Dogs leap to fame at Newdegate Machinery Field Days
A pair of sheepdogs owned by a well-known local family had crowds enthralled at this year’s Newdegate Machinery Field Days dog jump competition, taking the top prize after soaring over a 2.13m fence.
On the opening day of Newdegate’s premier 48th annual event on Wednesday last week, Nina and Alfie leapt from a standing start to clear the hurdle and claim tied first-place honours in a field of three dogs.
Nina, an 18-month-old kelpie, and Alfie, a two-year-old border collie, both made the 2.13m height with no training.
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The feat was a shock to family patriarch Ashley McDonald, who said they were just shy of the Newdegate Machinery Field Days’ record of 2.3m set in 2014.
He entered the competition with Nina while family friend Tim Harris entered Alfie.
“We were amazed to watch. We have only ever had the dogs jumping on and off the back of the ute, but they just did it,” he said.
Nina belongs to his 22-year-old daughter Suzie, while Alfie belongs to his 24-year-old daughter Jessie.
The dogs are two of the “wolf pack” of four dogs at the McDonalds’ mixed farming enterprise at Lake Biddy, helping to oversee 1200 Merino and 400 crossbred sheep.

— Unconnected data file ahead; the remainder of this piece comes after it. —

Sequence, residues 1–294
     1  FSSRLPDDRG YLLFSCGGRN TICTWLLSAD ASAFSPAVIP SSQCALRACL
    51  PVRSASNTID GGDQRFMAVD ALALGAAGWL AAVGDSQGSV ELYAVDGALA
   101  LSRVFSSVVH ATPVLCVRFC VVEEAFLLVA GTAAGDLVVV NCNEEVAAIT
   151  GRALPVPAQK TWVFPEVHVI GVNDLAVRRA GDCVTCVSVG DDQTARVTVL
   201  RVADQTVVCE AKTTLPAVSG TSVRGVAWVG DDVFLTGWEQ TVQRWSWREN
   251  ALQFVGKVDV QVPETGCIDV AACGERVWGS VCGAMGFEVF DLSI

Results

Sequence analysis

The McDonalds also crop about 5000ha. The dogs’ big win did not mean they could retire from work, with both back on the job the next day. “We were shearing during field days, so the dogs were a big help,” Mr McDonald said.
“They had their day out and then they were working the next day.
“Dogs are a valuable part of the farm and a big help.”
While bullocks and horses have long given way to tractors on farms, humble working dogs are still having their day.
On the Thursday, crowds gathered to watch a dog jumping demonstration with Dwight and Lisa Ness’ dog Bluey. The dog was cheered on by the couple’s young daughters Nikita and Kendra.
Alison Spencer coordinates the competition each year and holds the 2.3m record with her dog Bits. “People love to watch it. Everyone’s favourite dog is Red Dog, and there was a dog there doing demonstrations called Bluey,” she said.
“The Newdegate Primary School children really enjoyed watching the demonstrations.
“The dogs start at 1.2m and they go upwards of 1.7m so it makes a good show.”
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